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TUESDAY, Oct. 8, 2019 (HealthDay News) -- Scientists are taking the wrappings off an age-old malady.
Clogged arteries are a heart problem that's dogged humanity for millennia, finds a new imaging study of mummies.
Mummified arterial tissue shows evidence of cholesterol plaque buildup in people who lived anywhere from 2000 BC to 1000 AD, said lead researcher Dr. Mohammad Madjid.
These weren't just bigwigs eating rich diets, either. Four of the five mummies included in the study hail from South America, where average folk were mummified, said Madjid. He's an assistant professor of cardiovascular medicine with the McGovern Medical School at the University of Texas Health Science Center, in Houston.
"These were ordinary people," Madjid said of all five mummies. "That tells me that the development of atherosclerosis might combine the effects of nature versus nurture," with both genetics and risk factors playing a role in the development of clogged arteries. Blocked arteries can lead to heart attack.
Studies of mummies aren't unusual, but researchers usually use CT scans to create meticulous images of blood vessels and organs.
The downside for heart researchers is that CT scans can only detect accumulated calcium in the arteries, not actual cholesterol plaques. These plaques tend to calcify, so calcium has been used as a marker for clogged arteries.
Madjid and his colleagues said they're the first to study mummy samples using near-infrared spectroscopy, an imaging technique that can directly detect cholesterol plaques. The process involves bouncing near-infrared light waves off the tissue.
"You can tell the difference between various tissue components because each has a unique molecular signature, like a fingerprint," Madjid said.
The researchers obtained mummified blood vessels from three men and two women with an estimated age at death between 18 and 60. Three apparently died of pneumonia and one of kidney failure, with the fifth mummy's cause of death unknown.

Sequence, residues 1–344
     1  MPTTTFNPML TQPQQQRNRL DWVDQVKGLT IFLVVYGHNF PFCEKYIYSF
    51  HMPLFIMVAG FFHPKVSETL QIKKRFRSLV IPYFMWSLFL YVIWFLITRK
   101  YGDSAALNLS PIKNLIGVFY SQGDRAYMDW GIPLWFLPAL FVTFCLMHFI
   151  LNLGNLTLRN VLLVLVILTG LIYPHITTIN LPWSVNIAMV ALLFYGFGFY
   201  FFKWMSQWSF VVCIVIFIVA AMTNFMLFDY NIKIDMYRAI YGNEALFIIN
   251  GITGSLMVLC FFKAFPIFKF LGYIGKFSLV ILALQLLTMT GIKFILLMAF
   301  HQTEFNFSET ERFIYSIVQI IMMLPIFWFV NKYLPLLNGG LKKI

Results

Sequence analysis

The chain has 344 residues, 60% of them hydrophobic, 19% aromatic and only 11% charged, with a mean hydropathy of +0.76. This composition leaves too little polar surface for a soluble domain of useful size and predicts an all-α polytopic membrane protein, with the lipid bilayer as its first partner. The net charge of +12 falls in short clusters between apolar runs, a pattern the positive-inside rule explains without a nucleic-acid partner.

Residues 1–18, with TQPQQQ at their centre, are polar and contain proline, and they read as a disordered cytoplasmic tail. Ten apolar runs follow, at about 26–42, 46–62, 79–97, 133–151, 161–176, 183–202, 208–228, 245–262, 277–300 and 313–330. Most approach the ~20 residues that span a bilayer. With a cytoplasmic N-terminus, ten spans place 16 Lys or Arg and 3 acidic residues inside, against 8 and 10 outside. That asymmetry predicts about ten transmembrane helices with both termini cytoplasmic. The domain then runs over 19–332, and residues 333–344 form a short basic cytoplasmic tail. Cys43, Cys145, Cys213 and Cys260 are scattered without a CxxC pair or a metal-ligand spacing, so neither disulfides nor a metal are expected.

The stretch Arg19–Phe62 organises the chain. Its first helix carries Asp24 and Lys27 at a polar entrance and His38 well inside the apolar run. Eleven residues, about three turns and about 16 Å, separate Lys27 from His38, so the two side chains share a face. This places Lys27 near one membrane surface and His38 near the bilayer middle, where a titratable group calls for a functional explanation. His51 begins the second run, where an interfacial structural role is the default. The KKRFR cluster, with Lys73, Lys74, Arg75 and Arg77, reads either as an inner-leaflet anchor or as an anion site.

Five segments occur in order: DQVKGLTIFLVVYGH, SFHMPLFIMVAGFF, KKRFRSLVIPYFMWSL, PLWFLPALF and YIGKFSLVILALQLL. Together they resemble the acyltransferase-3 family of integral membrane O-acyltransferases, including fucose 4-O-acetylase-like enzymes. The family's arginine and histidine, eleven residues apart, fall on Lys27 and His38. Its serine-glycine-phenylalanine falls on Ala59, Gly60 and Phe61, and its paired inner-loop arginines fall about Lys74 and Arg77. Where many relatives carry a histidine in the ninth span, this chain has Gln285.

The thought behind studying ancient mummies is to figure out whether clogged arteries is "a disease of the modern age, or does it go back to our ancestors, too?" Madjid said. "Is it something inherent in human beings, or a byproduct of modern life?"
The Latin American mummies "were living close to the sea, so we assume their diet was rich in seafood, which is good for their heart, and they were pretty active people," Madjid said.
Nevertheless, the researchers found cholesterol-rich plaques in the arteries of all five mummies. The fifth hailed from Egypt, and died between 332 BC and 395 AD.
Inhaling smoke could be one of those factors. "We know they were sitting by the fire pits for heating and cooking, and some cultures did have recreational smoking," Madjid said.
Other possible risk factors could be bacterial or parasitic infections that cause inflammation of the arteries, which can promote the development of arterial plaques, the study authors added.
"They were not clear of all risk factors," Madjid said.
The new study supports the findings of previous mummy research, said Dr. Jagat Narula, a professor of cardiology and radiology at the Icahn School of Medicine at Mount Sinai, in New York City.
Narula is part of the Horus study team, a group of mummy health researchers who take their name from the Egyptian god of the sky.
Hundreds of mummies gathered from Egypt, Peru, Greenland, the Aleutian Islands and other locales have demonstrated that "atherosclerosis was present all across the timeline," Narula said.
These findings have surprised researchers, who expected ancient people to have healthier arteries because they didn't eat fast-food, surf TV on the couch or smoke, Narula said.
"When you look at the Egyptian mummies, we find that approximately 34% of these people had evidence of calcium in their vasculature, and that increased with age," Narula said.
The risk factors that contribute to hardened arteries likely vary between cultures, Narula said. For example, Egyptian royalty likely ate a lot of meat. Peruvian commoners probably ate fish or very lean Alpaca meat, but they cooked using wood fires inside their homes.
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"What all these studies tell you is that risk factors are the basis of these diseases," Narula said. "Even if there's a genetic influence, trying to prevent the risk factors will help prevent the disease."
The study was published in the October issue of the American Heart Journal.
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